Formulation of the budget proposals for 2012-2013 involves a significant challenge. The budget must maximize efficiency, reflect changing priorities, strike an appropriate balance among the Agency´s activities, and, at the same time, take into account the current financial challenges faced by most Member States and constantly increasing demands for the Agency´s services.
To assist Member States to decide the budget level - as I informed the Board in September -I launched a two-stage budget preparation process with the aim of achieving efficiency gains and meeting new and expanding needs. In this process, I am following the guidance given to the Secretariat by the Board in June 2010 and taking into account the priorities to be identified in the new Medium-Term Strategy. At this stage, I assume that the budget proposals to be submitted next February will involve reasonable real increases.
I take this opportunity to thank the Government of Canada for notifying me of its intention to make a contribution of one million Canadian dollars to the ECAS - Enhancing Capabilities of the Safeguards Analytical Services - project. And I urge all Member States which are in a position to do so to consider contributing to this project that is so fundamental to the Agency's mandate.
Let me remind you that, for the Secretariat, the early months of next year will not be "business as usual". In January we will be starting with the first phase of an enterprise resource planning system -the AIPS project -and at the same time introducing the International Public Sector Accounting Standards (IPSAS).
Each of these undertakings represents a major change management exercise; taken together they will rank among the most profound functional changes in the Agency´s history. It is the equivalent of a heart transplant as far as the Agency´s financial, procurement and project management practices and procedures are concerned.
The changeover to the new ways of doing business will inevitably result in a period of reduced functionality, including a two-week "black-out" period in January, during which a number of internal administrative services will be available on a greatly reduced basis. I ask for your understanding during this difficult period. The ultimate objective, of course, is to deliver to Member States the benefits of increased efficiency and transparency.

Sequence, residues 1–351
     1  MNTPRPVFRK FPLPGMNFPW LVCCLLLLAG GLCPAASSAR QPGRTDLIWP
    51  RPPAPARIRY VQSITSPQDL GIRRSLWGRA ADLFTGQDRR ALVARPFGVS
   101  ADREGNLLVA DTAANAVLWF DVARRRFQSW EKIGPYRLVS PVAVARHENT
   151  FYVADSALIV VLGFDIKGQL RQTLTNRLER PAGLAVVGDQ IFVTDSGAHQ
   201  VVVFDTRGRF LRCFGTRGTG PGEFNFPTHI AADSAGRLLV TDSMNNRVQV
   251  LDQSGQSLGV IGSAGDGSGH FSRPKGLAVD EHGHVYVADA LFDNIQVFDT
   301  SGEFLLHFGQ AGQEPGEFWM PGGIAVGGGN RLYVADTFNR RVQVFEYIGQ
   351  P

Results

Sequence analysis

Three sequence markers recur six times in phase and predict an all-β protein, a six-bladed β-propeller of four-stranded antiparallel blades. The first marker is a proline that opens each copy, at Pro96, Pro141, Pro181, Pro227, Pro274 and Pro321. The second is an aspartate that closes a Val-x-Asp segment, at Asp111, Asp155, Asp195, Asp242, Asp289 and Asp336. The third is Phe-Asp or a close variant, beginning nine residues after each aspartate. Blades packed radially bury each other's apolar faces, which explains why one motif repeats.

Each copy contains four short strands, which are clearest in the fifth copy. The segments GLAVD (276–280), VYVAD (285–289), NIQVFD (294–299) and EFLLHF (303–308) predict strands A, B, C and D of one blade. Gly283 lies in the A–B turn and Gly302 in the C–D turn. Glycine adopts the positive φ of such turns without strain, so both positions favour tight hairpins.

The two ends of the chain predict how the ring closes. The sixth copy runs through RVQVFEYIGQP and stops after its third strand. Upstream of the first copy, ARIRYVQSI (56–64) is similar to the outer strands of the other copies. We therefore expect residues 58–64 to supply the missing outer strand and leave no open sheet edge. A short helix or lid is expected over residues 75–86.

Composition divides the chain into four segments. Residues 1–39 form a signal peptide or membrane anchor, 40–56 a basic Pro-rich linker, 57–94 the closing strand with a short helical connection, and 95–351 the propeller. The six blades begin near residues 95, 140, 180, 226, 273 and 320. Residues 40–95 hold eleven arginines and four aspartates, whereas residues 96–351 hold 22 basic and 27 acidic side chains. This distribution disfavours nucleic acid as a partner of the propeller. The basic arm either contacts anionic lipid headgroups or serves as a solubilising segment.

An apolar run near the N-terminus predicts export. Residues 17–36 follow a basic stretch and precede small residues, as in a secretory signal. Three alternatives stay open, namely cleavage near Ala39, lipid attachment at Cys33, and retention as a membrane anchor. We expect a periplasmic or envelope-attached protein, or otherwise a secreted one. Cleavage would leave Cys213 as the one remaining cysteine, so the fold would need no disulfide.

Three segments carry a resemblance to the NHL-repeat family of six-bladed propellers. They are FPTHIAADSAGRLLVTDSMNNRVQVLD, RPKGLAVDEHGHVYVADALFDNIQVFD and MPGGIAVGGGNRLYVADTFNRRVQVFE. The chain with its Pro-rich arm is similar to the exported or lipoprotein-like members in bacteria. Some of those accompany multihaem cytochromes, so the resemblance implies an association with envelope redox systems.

Mr. Chairman, I wish to pay tribute to three colleagues who will shortly conclude their functions as Deputy Directors General.
Mr. Werner Burkart has, during his ten and a half years as Deputy Director General for Nuclear Sciences and Applications, successfully implemented a dynamic Major Programme. Among other achievements, he developed innovative approaches such as PACT and the IAEA Collaborating Centre scheme.
As DDG for Technical Cooperation for the past eight years, Ms. Ana Maria Cetto has made an important contribution to the Agency. The most senior female officer in the Agency´s history, she can take pride in her achievements in helping to bring the benefits of peaceful nuclear technology in all areas to developing countries.
Mr. Yury Sokolov has strengthened the Department of Nuclear Energy in his seven years as Deputy Director General. Interest among Member States in introducing nuclear power increased significantly during his term of office and he played a key role in ensuring that the Agency responded effectively.
I know I speak for all of you when I sincerely thank Werner, Ana María and Yury and wish them every success in their future endeavours.
Before I conclude, Mr. Chairman, I would like to note that it is almost exactly a year since I took up my position as Director General. It has been a challenging and, I believe, a very productive year in which the Agency again demonstrated its ability to bring about concrete results in improving the well-being and prosperity of Member States and strengthening international peace and security.
I am grateful to all of you for your support. The challenges we face are substantial, but I have no doubt that, with your continued support and the dedication of our outstanding staff, we will prove more than equal to them.